Title: Dreaming in English
Author: Laura Fitzgerald
Release Date: February 1, 2011
Publisher: NAL Trade
Genre: Contemporary Fiction, Multicultural Fiction
Rating: 4.5 out of 5
In this sequel to Veil of Roses (which this review contains spoilers for), Tamila Sourush is still on cloud nine from her hasty wedding to Ike. When the lovebirds return to Tucson, though, Tami’s fairy tale quickly shatters. Ike’s family refuses to accept their marriage, and there is still a large chance Tami could still be sent back to Iran. With all of these new challenges, Tami isn’t sure whether to fight for what she wants or whether to give in to fate and return to Iran.
When I heard that Laura Fitzgerald was writing a sequel to Veil of Roses, I was intrigued. While I do enjoy happily ever after endings, I always wonder what comes next. Life is always throwing curveballs, and just because things seem perfect at one point doesn’t mean they will stay that way. Therefore, I was eager to revisit with Tami and Ike and see what came next for the two of them.
Once again, Tami is a wonderfully sweet character. Even when things are at their toughest and she is doubting herself, the reader can’t help but love her. I loved her warmth and her spirit, but also her consideration for others. It’s clear she loves Ike, her sister, her parents, and just wants what’s best for all of them, even if it ends up costing her. At the same time though, she learns a valuable lesson from Ike – sometimes you have to fight for what you want.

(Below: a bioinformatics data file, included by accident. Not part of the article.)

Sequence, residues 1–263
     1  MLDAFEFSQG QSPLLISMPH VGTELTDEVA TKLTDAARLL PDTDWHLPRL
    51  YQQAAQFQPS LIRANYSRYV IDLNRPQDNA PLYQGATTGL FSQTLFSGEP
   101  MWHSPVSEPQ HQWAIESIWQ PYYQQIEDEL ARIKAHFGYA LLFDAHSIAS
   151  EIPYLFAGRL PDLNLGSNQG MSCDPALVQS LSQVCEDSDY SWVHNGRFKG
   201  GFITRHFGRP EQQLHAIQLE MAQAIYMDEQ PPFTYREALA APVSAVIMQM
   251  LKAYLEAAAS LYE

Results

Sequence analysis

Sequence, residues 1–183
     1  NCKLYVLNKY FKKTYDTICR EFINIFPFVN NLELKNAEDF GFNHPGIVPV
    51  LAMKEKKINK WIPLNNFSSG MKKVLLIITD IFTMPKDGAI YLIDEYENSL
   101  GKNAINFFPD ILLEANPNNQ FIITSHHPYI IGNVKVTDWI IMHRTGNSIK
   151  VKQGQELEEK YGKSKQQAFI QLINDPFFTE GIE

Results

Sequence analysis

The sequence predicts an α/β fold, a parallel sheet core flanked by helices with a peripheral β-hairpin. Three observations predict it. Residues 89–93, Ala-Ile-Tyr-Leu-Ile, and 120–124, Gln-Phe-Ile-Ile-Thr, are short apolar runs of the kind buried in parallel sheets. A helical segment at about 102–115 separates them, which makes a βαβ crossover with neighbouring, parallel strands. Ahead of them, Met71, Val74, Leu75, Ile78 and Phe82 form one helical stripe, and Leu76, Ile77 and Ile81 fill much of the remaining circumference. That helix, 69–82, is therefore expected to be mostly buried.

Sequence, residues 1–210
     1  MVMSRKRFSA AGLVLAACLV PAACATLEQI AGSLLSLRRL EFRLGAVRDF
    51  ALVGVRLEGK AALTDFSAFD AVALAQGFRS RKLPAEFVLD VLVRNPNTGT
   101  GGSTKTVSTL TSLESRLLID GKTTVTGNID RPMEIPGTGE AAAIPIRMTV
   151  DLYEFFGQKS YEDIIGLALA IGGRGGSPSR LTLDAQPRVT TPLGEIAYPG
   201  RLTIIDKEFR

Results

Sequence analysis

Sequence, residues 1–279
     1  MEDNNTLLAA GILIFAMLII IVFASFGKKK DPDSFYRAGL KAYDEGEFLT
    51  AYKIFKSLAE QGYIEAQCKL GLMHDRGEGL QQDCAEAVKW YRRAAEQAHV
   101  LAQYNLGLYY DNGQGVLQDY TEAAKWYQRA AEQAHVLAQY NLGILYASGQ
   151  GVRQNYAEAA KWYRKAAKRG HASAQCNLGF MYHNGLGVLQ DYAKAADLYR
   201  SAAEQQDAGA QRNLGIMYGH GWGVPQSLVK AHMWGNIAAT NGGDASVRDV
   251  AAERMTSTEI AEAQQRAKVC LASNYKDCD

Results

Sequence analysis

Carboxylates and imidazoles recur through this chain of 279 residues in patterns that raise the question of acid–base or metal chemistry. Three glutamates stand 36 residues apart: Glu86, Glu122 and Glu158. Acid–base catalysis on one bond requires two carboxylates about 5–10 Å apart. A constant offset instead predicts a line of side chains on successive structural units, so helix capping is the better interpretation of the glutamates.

What I loved about Veil of Roses and continued to appreciate in Dreaming in English is that no one in these books is perfect. Sometimes Tami’s self-doubt can be frustrating; at other times, Ike can seem entitled and spoiled, and not understanding enough of Tami’s predicament. But the beauty of the story is in these two imperfect individuals and how they truly love one another, in spite of and because of their differences.
While Fitzgerald does a solid job reviewing the events of Veil of Roses in this book, I would recommend reading the books in order. Dreaming in English does function as a standalone, but readers would miss out on some great character development by treating it that way.
Admittedly, Dreaming in English does fall prey to some clichés and cheesiness, especially towards the end of the book, but it was still an enjoyable read that I definitely recommend. Fitzgerald does an a wonderful job with her characters, and I enjoyed revisiting them in this book.